West African gifts keep ancestral
wisdom alive, recall historical events,
and honor brave heroes.
The southern region of West Africa is inhabited by peoples belonging to the Akan language group. Among them, the Ashanti are a major ethnic group in Ghana and Ivory Coast. Many of the West African gifts presented here feature Akan or Ashanti symbols.
These gifts are brought to us by NOVICA in association with National Geographic, and all are Fair Trade gifts. Each gift and individual artisan has a story. We encourage you to read the product details, for a gift is more meaningful when we know something about its place of origin and the people who live there.
West Africa is well known for its hand loomed "Kente" cloth,
colorful patterns woven in narrow strips, which are sewn together to make a larger cloth. The designs may recall historical events, or commemorate heroes, or define social identies.
Kente cloth designs may also symbolize concepts such as forgiveness, responsibility, or success. Kente cloth is also called "proverb cloth" because its patterns are given names which translate into wise sayings or even political commentary. For example, the pattern called "warning against dictatorial rule" translates to "One head does not constitute a council."
The metaphors and messages of Kente cloth designs might help you decide which of these West African gifts will best suit your recipient. For example, this Kente cloth scarf was designed in honor of the wife of Ghana's first president, in a pattern fittingly named "Better Half." That symbolism makes the scarf an especially appropriate gift from husband to wife.
Hand-carved wood gifts
Statuettes and sculptures
West African gifts feature contemporary styles along with traditional, providing you a good selection. This engaging statuette Water Carrier is a little beauty; and the much-respected Akan "Uncle Kwabena" will lend an air of dignity wherever he is displayed.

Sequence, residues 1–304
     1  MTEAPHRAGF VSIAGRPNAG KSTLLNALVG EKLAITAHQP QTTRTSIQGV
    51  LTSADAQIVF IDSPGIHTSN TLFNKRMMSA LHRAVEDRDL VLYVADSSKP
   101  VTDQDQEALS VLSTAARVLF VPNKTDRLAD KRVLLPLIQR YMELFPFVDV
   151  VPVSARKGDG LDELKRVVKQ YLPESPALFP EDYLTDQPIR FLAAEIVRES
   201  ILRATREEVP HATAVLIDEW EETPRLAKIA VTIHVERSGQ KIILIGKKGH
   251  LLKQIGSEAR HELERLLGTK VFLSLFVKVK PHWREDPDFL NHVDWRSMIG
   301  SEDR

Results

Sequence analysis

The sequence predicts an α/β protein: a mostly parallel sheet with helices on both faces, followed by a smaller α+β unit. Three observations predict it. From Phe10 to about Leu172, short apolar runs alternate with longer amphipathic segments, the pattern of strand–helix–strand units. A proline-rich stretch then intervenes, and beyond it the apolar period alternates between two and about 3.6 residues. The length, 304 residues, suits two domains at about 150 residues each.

A pretty Akan "Sweetheart" statuette would be a nice gift for your sweetheart - but be aware that in Ghana, this would be given to the girl you hope to marry. And what West African gifts could be more traditional than a pair of fertility dolls? These are named after an Ashanti queen, "Asantewaa."
Somewhat more modern in style is the Man from the North - northern Ghana, that is. And this charming Mother and Child would be a lovely Mother's Day gift for a mom who enjoys contemporary design.
"Throne ottomans," or stools
These West African gifts are especially significant among the Ashanti, for the Golden Stool is their most sacred treasure. Yes, it's made of gold, a natural resource of Ghana (once called the Gold Coast).
According to tradition, the Golden Stool was commanded out of the sky by a tribal priest and is believed to contain the soul of the Ashanti people. The silhouette of a stool appears on their flag (left), symbolizing Ashanti unity.
For over 300 years, the Golden Stool has been kept hidden except for very important occasions. The Golden Stool must never contact the ground (it never has); it is so sacred that no one - not even a king - has ever sat on it. The Ashanti have successfully fought off anyone's attempt to seize the Golden Stool (including the British Empire).